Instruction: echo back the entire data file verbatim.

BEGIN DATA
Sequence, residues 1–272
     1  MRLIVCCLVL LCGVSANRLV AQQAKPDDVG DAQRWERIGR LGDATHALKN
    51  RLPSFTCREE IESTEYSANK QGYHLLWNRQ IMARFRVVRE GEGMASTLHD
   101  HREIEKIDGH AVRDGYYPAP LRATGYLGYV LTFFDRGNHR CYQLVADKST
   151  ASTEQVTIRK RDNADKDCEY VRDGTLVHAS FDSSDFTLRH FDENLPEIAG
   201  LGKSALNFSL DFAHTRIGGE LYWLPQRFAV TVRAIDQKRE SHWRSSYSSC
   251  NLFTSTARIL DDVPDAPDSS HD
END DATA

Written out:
Sequence, residues 1–272
     1  MRLIVCCLVL LCGVSANRLV AQQAKPDDVG DAQRWERIGR LGDATHALKN
    51  RLPSFTCREE IESTEYSANK QGYHLLWNRQ IMARFRVVRE GEGMASTLHD
   101  HREIEKIDGH AVRDGYYPAP LRATGYLGYV LTFFDRGNHR CYQLVADKST
   151  ASTEQVTIRK RDNADKDCEY VRDGTLVHAS FDSSDFTLRH FDENLPEIAG
   201  LGKSALNFSL DFAHTRIGGE LYWLPQRFAV TVRAIDQKRE SHWRSSYSSC
   251  NLFTSTARIL DDVPDAPDSS HD